MORGANTOWN, W.Va. – The state Department of Highways will hold a public meeting regarding the proposed bridge over the Monongahela River to the Morgantown Industrial Park this week. Chief Development Engineer for the DOH, Jason Foster, said the meeting will be Wednesday, April 17, at Westwood Middle School from 5 to 8 p.m.

The preliminary location for the bridge, estimated to cost about $80 million, is to connect to U.S. 119/Grafton Road in the vicinity between Scott Avenue and the Glotfelty Tire Center. The access would intersect with Smithtown Road at grade south of the Kingdom Hall of Jehovah’s Witnesses chapel, crossing the river and connecting to Morgantown Industrial Park via Rail Street.

“We’ll be able to show the bridge location, bridge type, and spans—there will be a lot of detail at this meeting,” Foster said.

Soil borings have been done in the construction zone, and work is underway now to finalize and acquire the needed right-of-way for the project.

“The status of the project is that we are under final design; we’re acquiring right-of-way and doing all the things we need to do to get the project to final construction,” Foster said.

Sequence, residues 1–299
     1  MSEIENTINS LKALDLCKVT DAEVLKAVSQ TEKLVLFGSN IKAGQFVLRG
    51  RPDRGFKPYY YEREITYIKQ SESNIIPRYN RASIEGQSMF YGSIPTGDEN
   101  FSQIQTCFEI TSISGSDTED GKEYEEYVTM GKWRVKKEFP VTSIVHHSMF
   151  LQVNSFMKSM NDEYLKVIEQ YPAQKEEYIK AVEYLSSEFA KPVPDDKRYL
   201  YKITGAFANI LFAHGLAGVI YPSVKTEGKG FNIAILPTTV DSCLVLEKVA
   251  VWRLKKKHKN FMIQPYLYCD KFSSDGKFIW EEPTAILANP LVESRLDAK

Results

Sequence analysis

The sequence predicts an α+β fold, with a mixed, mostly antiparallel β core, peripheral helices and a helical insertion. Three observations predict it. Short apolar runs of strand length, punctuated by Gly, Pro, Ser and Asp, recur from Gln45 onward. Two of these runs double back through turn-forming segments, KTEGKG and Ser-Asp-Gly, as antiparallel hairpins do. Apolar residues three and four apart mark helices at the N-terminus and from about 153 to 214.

DOH representatives will be at the meeting who can answer a variety of questions, and there will be layouts so people can visualize the new crossing.

“They can expect one-on-one contact with folks that can explain the right-of-way acquisition process,” Foster said. “We’ll be able to explain the environmental feats we’ve documented and explain the details of the project.”

Foster said the project is in the design and development phase, with most activities taking place with designers, but the right-of-way work is ongoing within the proposed project area.

“The right-of-way acquisition is happening on the ground, but there are no ground-disturbing activities at this time other than the preliminary core borings that were done some time ago,” Foster said.

In August 2023, DOH officials estimated it would take 28 months to complete the bridge and have it opened to traffic. Foster said it’s a very ambitious timeline for completion.

“Construction, I would at least anticipate it would take two seasons; we would like to see it move faster than that, but I think it will take two seasons,” Foster said. “So we would be looking at sometime in ’26 or early ’27 to get it finished.”